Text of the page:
Step 8. Marketing and Distribution

Even with the best idea in the world, you still need to effectively reach the market that you said you were going to capture. What’s your plan for marketing and distributing your product or service? Explain how you plan to get your message out to potential customers (internet search, social media, TV, radio, print media advertising, direct mail advertising, etc.). When communicating your marketing plan to investors, there are three things you should touch on - volume, cost and conversion. In other words, what is the volume of customers or leads that your marketing plan generates, how much does it cost to get these leads, and what is the conversion rate (how much revenue do you make as a result)?

Now summarize the distribution methods. How is your product or service going to get to the customer? For instance, will you distribute your product or service through a Web site, through the mail, through sales representatives, or through retail? Outline the different companies, people and/or technologies that will be involved in getting your product or service to the customer.

Step 9. Business Team

Who is the team that is going to make the business succeed? Initially, investors are making their biggest investment on your team. It is therefore important to show why they should take you seriously. Include a brief professional bio for each co-founder, focusing on what each person brings to the company. If you have advisors, list them as well.

Step 10. Money and Milestones

Finally, you need to state your financial needs. How much money are you trying to raise? Where you are in the process of raising capital? How are you going to spend the money? How long do you expect the money to last? What kind of return/results do you expect? What are your terms of investment?

How much money do you need?
Ideally, you should ask for just enough capital to get you comfortably to a milestone that raises the value of the company. Then you can raise more money with a higher valuation of your company.

How are you going to spend the money?
Your budget should be based on three areas: running operations, paying staff, and marketing / acquiring customers. Remember to demonstrate that you are fiscally responsible and never ask for a large salary or big-budget perks. Investors are seeking partners who operate their businesses prudently.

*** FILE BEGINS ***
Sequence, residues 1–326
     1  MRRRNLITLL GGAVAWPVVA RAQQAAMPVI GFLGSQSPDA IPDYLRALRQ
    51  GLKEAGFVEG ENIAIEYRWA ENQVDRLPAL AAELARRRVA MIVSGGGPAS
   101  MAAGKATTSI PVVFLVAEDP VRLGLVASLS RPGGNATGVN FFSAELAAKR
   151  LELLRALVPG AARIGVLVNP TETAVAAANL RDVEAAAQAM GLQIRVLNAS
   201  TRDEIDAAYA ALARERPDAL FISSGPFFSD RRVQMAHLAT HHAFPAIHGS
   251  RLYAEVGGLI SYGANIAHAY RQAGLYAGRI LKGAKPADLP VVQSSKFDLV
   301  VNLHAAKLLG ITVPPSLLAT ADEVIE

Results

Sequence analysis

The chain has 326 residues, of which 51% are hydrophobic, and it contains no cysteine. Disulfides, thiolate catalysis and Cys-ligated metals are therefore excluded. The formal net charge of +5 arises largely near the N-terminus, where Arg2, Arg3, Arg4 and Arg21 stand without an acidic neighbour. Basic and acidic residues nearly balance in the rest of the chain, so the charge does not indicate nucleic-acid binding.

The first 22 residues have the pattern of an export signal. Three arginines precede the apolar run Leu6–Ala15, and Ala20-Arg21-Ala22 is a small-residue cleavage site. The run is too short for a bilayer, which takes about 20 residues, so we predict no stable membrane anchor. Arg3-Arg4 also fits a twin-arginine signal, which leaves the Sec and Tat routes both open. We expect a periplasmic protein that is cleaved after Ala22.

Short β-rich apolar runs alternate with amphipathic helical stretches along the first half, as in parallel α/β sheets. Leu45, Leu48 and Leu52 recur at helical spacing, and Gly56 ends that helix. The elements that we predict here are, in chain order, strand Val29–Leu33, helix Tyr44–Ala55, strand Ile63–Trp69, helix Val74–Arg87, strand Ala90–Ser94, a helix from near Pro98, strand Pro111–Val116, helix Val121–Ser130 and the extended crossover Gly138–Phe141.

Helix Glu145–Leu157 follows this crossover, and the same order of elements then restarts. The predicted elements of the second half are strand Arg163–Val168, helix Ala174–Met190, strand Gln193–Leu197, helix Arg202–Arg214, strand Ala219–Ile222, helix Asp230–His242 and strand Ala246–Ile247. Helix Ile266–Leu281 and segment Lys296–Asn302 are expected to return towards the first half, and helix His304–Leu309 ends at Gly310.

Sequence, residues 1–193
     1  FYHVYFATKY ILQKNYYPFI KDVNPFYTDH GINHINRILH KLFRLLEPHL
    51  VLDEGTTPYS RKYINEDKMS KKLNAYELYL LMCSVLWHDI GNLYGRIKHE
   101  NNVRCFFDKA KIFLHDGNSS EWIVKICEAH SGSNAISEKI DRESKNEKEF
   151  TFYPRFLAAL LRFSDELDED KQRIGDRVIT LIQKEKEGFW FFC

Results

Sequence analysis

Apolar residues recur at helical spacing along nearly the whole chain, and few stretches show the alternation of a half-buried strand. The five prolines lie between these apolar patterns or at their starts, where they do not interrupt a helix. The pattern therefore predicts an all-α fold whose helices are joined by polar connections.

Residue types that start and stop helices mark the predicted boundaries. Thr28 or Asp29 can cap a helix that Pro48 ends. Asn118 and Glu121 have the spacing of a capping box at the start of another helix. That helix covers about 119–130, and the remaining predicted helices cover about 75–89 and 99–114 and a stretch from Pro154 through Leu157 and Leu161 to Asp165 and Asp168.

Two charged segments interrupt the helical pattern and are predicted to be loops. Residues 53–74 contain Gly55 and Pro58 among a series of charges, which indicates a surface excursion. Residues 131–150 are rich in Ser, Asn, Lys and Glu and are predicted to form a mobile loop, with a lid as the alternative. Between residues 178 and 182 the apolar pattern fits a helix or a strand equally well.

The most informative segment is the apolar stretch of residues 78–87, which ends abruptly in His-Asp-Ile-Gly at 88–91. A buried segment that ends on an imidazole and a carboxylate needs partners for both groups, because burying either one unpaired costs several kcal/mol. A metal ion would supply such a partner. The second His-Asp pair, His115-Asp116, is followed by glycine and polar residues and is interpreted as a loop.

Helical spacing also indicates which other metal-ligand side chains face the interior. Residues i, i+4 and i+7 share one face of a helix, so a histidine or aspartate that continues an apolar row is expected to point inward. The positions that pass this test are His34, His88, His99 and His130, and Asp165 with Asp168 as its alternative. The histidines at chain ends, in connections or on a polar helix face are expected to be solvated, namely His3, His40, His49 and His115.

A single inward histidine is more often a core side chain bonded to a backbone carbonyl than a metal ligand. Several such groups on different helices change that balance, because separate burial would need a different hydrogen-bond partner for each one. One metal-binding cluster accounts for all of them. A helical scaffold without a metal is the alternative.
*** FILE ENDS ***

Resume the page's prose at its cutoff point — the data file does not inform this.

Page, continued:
How long will the money last?
Don't bite of more than you can chew. Investors are wary of funding overzealous businesses. Before asking for millions of dollars to fund multiple product lines (a recipe that will quickly eat away your capital), start with a single product/service that is manageable. Investors prefer companies with proven, step-and-repeat business models, as opposed to aggressive, potentially money hemorrhaging ideas.

What kind of return do you expect?
Summarize the projected return on investment for investors and/or the end-game for the business. Excite investors about your big picture, but be reasonable. Show investors that you have a grasp on reality with a responsible projection. Base your model on facts, past and present performance data, industry and competitor analyses and a series of well-thought-out, defendable assumptions.

What are your investment terms?
What kind of equity are you prepared to give away? What value do you place on that equity? Careful not to overinflate valuations, or you will scare off investors. In general, a company's value is based on real metrics such as existing sales. For an established business, valuation involves analyzing several years of performance history along with the future outlook (including the economy and the company’s anticipated performance). The more mature the business, the more reliable its historical financial statements will be as a guide to its future performance and the more objective the valuation. Valuation of an earlier-stage businesse, on the other hand, is much more difficult. Quality of management and market prospects are the two primary criteria used to value a new business. Regardless of such criteria, an idea that has not yet been commercialized and has no customers is considered high risk and will garnar a significantly lower valuation when compared to an equal business with a proven track record.

What happens when you've finally found financing or partners, do you stop working on your pitch? The short answer is no. The business pitch isn't just for investors. You will need it to promote your business to numerous other parties - customers, employees, suppliers, unanticipated future partners, etc. Your business proposal is more or less the same message you will use for these other parties, so don't stop practicing and honing your pitch. You never know when you will need it again.